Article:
Isolation of CdSe Quantum Dot Nanoparticles

Procedure adapted by Tommy Garting, Lund University, from A.M. Munro et al., Microchim Acta, 160, 345-350 (2008). Luminescence samples of quantum dots resuspended in hexane prepared by Jenny Gilbertson and Tommy Davis.

This procedure separates oleic acid terminated CdSe quantum dot nanoparticles from the octadecene solvent in which they were prepared.


Wear eye protection

Chemical gloves required

Transfer the octadecene CdSe quantum dot suspension to a micro centrifuge tube. Add 100% ethanol. Cap.

Shake to get an emulsion.

Add a matched tube and the freshly shaken sample tube to opposite sides of a centrifuge, or use an even number of sample tubes. Spin at 3000 rpm for 5 minutes.

Carefully remove the ethanol layer. An oil often appears in the pipet tip. Option: obtain the infrared spectrum of the oil.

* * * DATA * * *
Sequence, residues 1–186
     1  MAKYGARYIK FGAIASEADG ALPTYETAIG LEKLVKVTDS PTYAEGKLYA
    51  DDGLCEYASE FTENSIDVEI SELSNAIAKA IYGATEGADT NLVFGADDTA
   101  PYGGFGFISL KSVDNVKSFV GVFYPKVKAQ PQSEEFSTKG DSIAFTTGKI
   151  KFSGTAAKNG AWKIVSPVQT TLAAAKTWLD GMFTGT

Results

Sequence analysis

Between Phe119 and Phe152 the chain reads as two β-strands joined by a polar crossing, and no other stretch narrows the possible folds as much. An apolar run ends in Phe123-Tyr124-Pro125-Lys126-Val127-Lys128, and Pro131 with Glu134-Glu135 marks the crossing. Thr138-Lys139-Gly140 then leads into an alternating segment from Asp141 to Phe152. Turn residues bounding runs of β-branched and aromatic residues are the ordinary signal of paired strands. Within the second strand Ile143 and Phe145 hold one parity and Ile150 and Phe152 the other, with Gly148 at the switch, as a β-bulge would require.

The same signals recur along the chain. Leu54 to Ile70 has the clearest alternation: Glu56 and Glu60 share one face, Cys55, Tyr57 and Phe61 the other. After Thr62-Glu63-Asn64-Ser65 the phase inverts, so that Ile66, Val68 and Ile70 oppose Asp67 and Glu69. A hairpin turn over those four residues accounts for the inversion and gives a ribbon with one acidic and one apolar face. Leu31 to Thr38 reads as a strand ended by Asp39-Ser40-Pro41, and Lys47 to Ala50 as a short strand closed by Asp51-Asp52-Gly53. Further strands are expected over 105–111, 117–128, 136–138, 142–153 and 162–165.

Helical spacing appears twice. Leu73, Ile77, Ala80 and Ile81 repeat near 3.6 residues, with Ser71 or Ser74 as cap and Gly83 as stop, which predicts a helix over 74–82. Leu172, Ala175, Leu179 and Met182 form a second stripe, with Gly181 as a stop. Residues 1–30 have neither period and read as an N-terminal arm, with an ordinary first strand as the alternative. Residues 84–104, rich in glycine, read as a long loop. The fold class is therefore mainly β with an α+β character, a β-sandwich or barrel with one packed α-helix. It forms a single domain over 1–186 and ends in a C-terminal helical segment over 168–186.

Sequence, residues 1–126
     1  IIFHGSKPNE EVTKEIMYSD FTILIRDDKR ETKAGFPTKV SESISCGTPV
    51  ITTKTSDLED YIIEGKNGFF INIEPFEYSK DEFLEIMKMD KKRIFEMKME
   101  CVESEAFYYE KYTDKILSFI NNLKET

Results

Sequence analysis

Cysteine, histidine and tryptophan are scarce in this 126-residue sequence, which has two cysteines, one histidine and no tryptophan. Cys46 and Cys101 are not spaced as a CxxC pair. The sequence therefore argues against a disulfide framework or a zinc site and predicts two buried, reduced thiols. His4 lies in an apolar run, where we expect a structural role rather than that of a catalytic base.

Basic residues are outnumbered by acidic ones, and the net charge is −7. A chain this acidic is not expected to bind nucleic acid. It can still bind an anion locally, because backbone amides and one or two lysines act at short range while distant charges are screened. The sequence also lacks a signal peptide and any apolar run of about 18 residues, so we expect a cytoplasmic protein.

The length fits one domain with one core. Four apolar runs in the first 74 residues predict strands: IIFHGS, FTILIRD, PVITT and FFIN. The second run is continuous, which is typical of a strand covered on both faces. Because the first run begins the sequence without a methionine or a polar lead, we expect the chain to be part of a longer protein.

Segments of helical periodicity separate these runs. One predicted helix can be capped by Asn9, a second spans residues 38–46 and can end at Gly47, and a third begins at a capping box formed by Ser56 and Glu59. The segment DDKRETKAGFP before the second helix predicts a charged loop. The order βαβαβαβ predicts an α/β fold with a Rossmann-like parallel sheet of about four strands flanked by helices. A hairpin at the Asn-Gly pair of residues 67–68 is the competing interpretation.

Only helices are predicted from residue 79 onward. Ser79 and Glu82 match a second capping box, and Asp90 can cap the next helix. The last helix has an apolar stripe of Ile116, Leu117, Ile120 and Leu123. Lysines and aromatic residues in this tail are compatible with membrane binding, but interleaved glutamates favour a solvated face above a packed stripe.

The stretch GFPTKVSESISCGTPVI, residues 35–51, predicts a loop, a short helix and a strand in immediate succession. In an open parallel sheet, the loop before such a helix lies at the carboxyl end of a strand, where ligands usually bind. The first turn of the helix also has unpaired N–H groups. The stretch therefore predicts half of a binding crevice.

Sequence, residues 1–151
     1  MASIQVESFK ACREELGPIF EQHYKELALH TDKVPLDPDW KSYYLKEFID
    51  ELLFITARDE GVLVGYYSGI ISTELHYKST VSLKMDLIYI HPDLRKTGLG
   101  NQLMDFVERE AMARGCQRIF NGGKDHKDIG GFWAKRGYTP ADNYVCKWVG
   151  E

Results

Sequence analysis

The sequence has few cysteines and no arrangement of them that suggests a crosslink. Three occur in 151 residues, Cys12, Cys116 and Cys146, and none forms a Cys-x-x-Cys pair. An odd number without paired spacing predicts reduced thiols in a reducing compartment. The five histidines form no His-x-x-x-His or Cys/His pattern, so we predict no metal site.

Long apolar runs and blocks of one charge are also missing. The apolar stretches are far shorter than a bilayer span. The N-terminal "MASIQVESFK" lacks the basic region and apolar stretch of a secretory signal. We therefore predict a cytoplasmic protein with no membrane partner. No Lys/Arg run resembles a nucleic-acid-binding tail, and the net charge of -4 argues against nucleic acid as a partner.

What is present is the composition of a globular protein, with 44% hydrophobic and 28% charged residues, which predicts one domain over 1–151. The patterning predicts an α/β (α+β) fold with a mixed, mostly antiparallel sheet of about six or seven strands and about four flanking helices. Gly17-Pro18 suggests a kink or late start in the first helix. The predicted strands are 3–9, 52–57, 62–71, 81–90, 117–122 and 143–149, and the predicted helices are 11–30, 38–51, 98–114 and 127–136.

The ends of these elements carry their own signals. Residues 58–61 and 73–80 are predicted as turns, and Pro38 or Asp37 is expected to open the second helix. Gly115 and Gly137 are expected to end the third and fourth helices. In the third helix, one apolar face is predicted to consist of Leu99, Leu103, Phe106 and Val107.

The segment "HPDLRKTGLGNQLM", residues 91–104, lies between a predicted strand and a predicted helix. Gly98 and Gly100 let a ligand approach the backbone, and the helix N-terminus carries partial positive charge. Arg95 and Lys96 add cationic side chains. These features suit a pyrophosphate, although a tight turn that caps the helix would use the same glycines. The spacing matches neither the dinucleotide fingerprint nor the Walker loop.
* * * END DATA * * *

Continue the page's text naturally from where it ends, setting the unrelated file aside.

The removed ethanol solution is cloudy.

Add a second ethanol wash.

Shake to mix and immediately repeat the centrifuge step.

Carefully remove the ethanol.

Add a third ethanol wash.

When shaking no longer gives a suspension then further centrifugation is not needed.

Pour off the ethanol.

Different size quantum dots isolated by the same procedure.

The quantum dots can be resuspended in an organic solvent (chloroform was used here.)

Suspensions of different size quantum dots in an organic solvent (chloroform was used here.)

Click image for larger view
Observe the resuspended quantum dots under long wave UV light (hexane was used as the solvent.)


  1. What is the identity of the oil that is removed from the quantum dots? How do you know?
  2. What is the absorption wavelength or color of the quantum dots you isolated?
  3. How can CdSe exhibit so many different colors?


CAUTION: Avoid physical contact with cadmium selenide since cadmium compounds are carcinogens. If chloroform is used avoid contact or inhalation since it is a likely human carcinogen.

Developed in collaboration with the
University of Wisconsin Materials Research Science and Engineering Center
Interdisciplinary Education Group   |   MRSEC on Nanostructured Interfaces
This page created by George Lisensky, Beloit College.  Last modified June 16, 2013 .